Praise for Joe Buff from NY Times Bestselling Authors:

"Superbly researched and well-written, Joe Buff's novels are the creme de la creme of submarine thrillers."
--Stephen Coonts

"Joe Buff takes the reader through a labyrinth of action and high adventure. A rare thriller, highly entertaining."
--Clive Cussler

"If you want a hair-raising trip to the bottom of the ocean, Joe Buff's the guy to take you there."
--Patrick Robinson

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688's Keep Up To Date
by Joseph J. Buff, [IMAGE]2006


Photo Courtesy: Walter P. Noonan
[IMAGE] I was recently privileged to visit the LOS ANGELES-class fast attack sub USS SAN JUAN, SSN 751, at the New London Naval Submarine Base in Groton, CT. SAN JUAN’s executive officer was my escort for the dock tour. The ship was commissioned in 1988, back while the Cold War was still being fought. But the more the XO talked, and the more things he showed me, the more I saw proof that SAN JUAN and her sisters are indispensible capital ships of the 21st century. Each of the LOS ANGELES boats still in service has received repeated major upgrades and refits during her lifetime. It’s not exaggerating much to say that these magnificent vessels have little in common today with what they were like when first launched, except maybe for their pressure hulls and framing.

As a case in point, America’s newest commissioned SSN, USS TEXAS, second in the transformational VIRGINIA-class, happened to be tied up next to SAN JUAN during the tour. SAN JUAN’s XO said that his own ship’s combat systems (sonar signal processors and displays, weapons control, etc.) were actually of a more advanced generation than what TEXAS was built with –- TEXAS would get the new system installed while she was in Groton.

Other significant enhancements to the L.A.-class include much better secret quieting technology and improvements to the propulsion plants. Major leaps forward in sensors include retrofitting the TB-29A “thin line” towed array, more sensitive and versatile that the earlier “fat line” TB-16D. Reportedly, the revolutionary sonar wide-aperture arrays of the SEAWOLF and VIRGINIA classes have been or will be mounted onto the L.A. boats, starting with SAN JUAN and including all her 22 newer sisters. These wide-aperture arrays allow instant ranging of detected targets. No more the seemingly endless “polishing the cannonball” of a target motion analysis to get a good firing solution on an adversary!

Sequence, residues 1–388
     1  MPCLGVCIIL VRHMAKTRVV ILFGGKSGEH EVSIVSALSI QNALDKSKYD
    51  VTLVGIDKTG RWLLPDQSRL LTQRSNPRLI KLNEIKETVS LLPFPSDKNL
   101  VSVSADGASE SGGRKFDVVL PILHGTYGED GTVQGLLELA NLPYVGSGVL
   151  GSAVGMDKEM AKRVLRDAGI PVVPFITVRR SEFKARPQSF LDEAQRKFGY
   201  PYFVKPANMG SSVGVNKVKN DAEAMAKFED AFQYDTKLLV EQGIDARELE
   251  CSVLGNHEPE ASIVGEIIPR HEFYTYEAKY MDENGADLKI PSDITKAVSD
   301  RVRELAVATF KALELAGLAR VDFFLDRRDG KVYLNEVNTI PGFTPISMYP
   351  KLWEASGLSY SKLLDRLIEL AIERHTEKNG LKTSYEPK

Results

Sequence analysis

Just as important as the LOS ANGELES platforms are the fish and cruise missiles they carry. This includes the latest mod of the Mark 48 Advanced Capability torpedo, which with open computer architecture and C-BASS littoral-capable sonars is the active-duty American submariner’s weapon of choice. The Tactical Tomahawk, which can loiter in flight and be re-directed toward fleeting high-value targets of opportunity, fleshes out the L.A.-class armaments suite.

Developmental off-board, remote controlled and retrievable mine reconnaissance probes are gradually becoming operational in L.A.-class torpedo rooms. The dry-deck shelters that can be mounted topside aft of the sail, to support SEAL operations, are perhaps more relevant now in the War on Terror than ever before. Nor is active defense neglected; the pods on dihedral fins at most ships’ sterns, used to deploy towed arrays, are being modified to also hold ejectors for 5-inch countermeasures, supplementing the smaller ones that can be fired from internally.

The best proof of all that LOS ANGELES subs remain fully capable warships of tomorrow is that LOS ANGELES herself, SSN 688, just celebrated her 30th birthday. Yet in 2007 she and her crew will head out on deployment once more, to the vital and volatile nautical arena of the Western Pacific.

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